United States District Court, W.D. Kentucky, Owensboro Division
H. MCKINLEY JR., SENIOR JUDGE UNITED STATES DISTRICT COURT.
Joshua Simpson, filed a pro se, in forma pauperis 42 U.S.C.
§ 1983 complaint. This matter is before the Court for
screening pursuant to 28 U.S.C. § 1915A and McGore
v. Wrigglesworth, 114 F.3d 601 (6th Cir. 1997),
overruled on other grounds by Jones v. Bock, 549 U.S. 199
(2007). For the reasons set forth below, the action will be
STATEMENT OF CLAIMS
is a pretrial detainee at the Daviess County Detention Center
(DCDC). He names as Defendant DCDC. In the portion of the
§ 1983 complaint form in which to provide a statement of
his claims, Plaintiff states: “unsanitary conditions
(no soap, no sanitizer in bathroom)[;] no [illegible][;]
overcrowding cell/(18 man cell) (40 inmates)[;] privacy
issues(/no dividers) 2 toilets[;] eating on floor due to no
chairs available (30 inmates on floor)[;] health violations
(meds)[; and] fire hazards due to over population.” As
relief, Plaintiff requests “$500.00 daily
prisoner initiates a civil action seeking redress from a
governmental entity, officer, or employee, the trial court
must review the complaint and dismiss the complaint, or any
portion of it, if the court determines that the complaint is
frivolous or malicious, fails to state a claim upon which
relief may be granted, or seeks monetary relief from a
defendant who is immune from such relief. See §
1915A(b)(1), (2); McGore v. Wrigglesworth, 114 F.3d
601 at 604.
order to survive dismissal for failure to state a claim,
“a complaint must contain sufficient factual matter,
accepted as true, to ‘state a claim to relief that is
plausible on its face.'” Ashcroft v.
Iqbal, 556 U.S. 662, 678 (2009) (quoting Bell Atl.
Corp. v. Twombly, 550 U.S. 544, 570 (2007)). “A
claim has facial plausibility when the plaintiff pleads
factual content that allows the court to draw the reasonable
inference that the defendant is liable for the misconduct
alleged.” Id. (citing Twombly, 550
U.S. at 556). “[A] district court must (1) view the
complaint in the light most favorable to the plaintiff and
(2) take all well-pleaded factual allegations as true.”
Tackett v. M & G Polymers, USA, LLC, 561 F.3d
478, 488 (6th Cir. 2009) (citing Gunasekera v.
Irwin, 551 F.3d 461, 466 (6th Cir. 2009) (citations
omitted)). “But the district court need not accept a
‘bare assertion of legal conclusions.'”
Tackett, 561 F.3d at 488 (quoting Columbia
Natural Res., Inc. v. Tatum, 58 F.3d 1101, 1109
(6th Cir. 1995)). “A pleading that offers ‘labels
and conclusions' or ‘a formulaic recitation of the
elements of a cause of action will not do.' Nor does a
complaint suffice if it tenders ‘naked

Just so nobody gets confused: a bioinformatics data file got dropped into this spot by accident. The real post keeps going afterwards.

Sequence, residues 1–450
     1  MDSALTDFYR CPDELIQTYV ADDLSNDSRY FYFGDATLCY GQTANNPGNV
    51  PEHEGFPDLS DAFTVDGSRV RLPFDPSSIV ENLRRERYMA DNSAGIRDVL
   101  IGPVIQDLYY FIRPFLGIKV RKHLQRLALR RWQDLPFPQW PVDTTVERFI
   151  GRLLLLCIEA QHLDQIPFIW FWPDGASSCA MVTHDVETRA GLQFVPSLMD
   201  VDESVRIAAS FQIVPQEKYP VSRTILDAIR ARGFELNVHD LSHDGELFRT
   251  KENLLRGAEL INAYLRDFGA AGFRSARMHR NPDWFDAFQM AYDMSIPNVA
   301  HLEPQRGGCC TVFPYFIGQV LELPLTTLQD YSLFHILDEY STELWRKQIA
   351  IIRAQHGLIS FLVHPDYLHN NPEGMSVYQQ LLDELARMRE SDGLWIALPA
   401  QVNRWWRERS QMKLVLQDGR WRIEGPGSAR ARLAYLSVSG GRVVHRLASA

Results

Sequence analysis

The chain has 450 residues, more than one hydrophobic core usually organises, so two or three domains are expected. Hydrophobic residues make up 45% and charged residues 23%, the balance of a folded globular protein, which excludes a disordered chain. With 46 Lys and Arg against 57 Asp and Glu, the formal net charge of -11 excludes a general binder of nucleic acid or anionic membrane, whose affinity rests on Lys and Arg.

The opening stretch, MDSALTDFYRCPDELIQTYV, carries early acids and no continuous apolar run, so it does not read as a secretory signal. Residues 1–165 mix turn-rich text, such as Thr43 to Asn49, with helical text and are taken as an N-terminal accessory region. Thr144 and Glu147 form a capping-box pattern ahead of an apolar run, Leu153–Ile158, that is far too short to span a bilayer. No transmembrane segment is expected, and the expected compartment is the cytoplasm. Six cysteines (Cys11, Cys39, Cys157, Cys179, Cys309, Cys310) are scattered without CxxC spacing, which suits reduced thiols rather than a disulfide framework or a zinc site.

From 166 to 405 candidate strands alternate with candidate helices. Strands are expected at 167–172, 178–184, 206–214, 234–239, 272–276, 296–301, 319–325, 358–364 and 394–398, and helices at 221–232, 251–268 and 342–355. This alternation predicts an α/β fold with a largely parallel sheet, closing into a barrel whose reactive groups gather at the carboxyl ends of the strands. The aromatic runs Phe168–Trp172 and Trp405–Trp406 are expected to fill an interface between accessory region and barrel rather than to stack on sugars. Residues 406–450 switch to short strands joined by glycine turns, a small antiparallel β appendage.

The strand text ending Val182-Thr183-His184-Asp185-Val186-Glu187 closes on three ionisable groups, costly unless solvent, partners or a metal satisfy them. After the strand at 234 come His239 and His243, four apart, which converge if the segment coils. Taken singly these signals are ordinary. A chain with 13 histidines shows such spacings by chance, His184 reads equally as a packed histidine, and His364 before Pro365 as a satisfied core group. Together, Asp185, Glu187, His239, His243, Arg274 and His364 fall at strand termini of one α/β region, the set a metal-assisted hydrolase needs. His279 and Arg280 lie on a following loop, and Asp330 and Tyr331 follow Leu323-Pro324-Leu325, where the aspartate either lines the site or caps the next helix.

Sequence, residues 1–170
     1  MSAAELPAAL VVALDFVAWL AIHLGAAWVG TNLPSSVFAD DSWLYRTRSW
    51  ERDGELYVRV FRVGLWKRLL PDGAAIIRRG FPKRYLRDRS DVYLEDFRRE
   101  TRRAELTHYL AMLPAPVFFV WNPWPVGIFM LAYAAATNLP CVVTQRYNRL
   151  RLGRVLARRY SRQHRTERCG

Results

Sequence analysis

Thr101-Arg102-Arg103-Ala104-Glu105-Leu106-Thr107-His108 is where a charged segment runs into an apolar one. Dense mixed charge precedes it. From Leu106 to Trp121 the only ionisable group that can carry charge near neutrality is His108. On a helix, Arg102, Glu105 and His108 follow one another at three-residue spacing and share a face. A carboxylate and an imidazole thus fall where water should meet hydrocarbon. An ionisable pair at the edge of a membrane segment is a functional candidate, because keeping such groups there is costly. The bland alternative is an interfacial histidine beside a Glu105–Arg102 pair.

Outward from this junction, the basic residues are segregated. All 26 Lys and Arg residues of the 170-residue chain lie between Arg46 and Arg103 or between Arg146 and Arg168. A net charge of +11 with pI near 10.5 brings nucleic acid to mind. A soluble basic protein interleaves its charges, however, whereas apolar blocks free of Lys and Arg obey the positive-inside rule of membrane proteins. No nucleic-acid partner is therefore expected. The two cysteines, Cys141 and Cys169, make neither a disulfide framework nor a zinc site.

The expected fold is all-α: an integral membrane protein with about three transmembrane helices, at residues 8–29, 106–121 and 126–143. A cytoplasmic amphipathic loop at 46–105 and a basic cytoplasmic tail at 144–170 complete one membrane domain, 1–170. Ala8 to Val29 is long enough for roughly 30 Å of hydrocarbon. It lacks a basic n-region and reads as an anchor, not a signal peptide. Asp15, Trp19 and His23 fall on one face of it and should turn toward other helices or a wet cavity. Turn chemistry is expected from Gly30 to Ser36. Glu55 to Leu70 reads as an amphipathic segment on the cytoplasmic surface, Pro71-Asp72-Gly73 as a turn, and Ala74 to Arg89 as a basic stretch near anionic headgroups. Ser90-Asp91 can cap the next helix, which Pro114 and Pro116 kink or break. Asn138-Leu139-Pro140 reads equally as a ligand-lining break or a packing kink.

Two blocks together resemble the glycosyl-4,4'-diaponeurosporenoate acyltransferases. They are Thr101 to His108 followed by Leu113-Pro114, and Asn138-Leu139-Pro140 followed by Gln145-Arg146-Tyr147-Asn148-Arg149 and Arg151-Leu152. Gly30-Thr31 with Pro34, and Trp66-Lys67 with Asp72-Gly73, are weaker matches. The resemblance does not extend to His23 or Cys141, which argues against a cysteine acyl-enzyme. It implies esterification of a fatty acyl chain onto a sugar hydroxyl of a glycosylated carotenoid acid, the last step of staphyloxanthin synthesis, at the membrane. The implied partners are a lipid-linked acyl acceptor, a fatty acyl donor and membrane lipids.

assertion[s]' devoid of ‘further factual
enhancement.'” Iqbal, 556 U.S. at 678
(quoting Twombly, 550 U.S. at 555, 557).
Federal Rule of Civil Procedure 8(a) requires a pleading to
contain “a short and plain statement of the claim
showing that the pleader is entitled to relief[.]”
Thus, Rule 8(a) “imposes legal and factual demands on
the authors of complaints.” 16630 Southfield Ltd.,
P'Ship v. Flagstar Bank, 727 F.3d 502, 503 (6th Cir.
2013) (emphasis in original). In other words, a
“complaint must contain either direct or inferential
allegations respecting all the material elements to sustain a
recovery under some viable legal theory.” Scheid v.
Fanny Farmer Candy Shops, Inc., 859 F.2d 434, 436 (6th
Cir. 1988) (citations and internal quotation marks omitted);
see also Twombly, 550 U.S. at 555 n.3 (“Rule
8(a)(2) still requires a ‘showing,' rather than a
blanket assertion, of entitlement to relief. Without some
factual allegation in the complaint, it is hard to see how a
claimant could satisfy the requirement of providing not only
‘fair notice' of the nature of the claim, but also
‘ground' on which the claim rests.”).
“A district court should not . . . be required to guess
or speculate about the basis of a plaintiff's civil
rights claim.” Cansler v. Henderson Co.
Police Dep't, No. 4:16-CV-P99-JHM, 2016 WL 6803104,
at *3 (W.D. Ky. Nov. 15, 2016).
this Court required to create a claim for Plaintiff.
Clark v. Nat'l Travelers Life Ins. Co., 518 F.2d
1167, 1169 (6th Cir. 1975) (per curiam). To do so would
require the “courts to explore exhaustively all
potential claims of a pro se plaintiff, [and] would also
transform the district court from its legitimate advisory
role to the improper role of an advocate seeking out the
strongest arguments and most successful strategies for a
party.” Beaudett v. City of Hampton, 775 F.2d
1274, 1278 (4th Cir. 1985).
Plaintiff fails to make a showing that he is entitled to
relief and fails to place Defendant on notice as to any
claim(s) against it. See Swierkiewicz v. Sorema
N.A., 534 U.S. 506, 512 (2002) (indicating that the
short and plain statement of claim must “‘give
the defendant fair notice of what the plaintiff's claim
is and the grounds upon which it rests'”) (quoting
Conley v. Gibson, 355 U.S. 41, 47 (1957), abrogated
on other grounds by Twombly); see also Beaudett, 775
F.2d at 1278 (“Even in the case of pro se litigants,
the [courts] cannot be expected to construct full blown
claims from sentence fragments[.]”).
foregoing reasons, the Court will, by separate Order, ...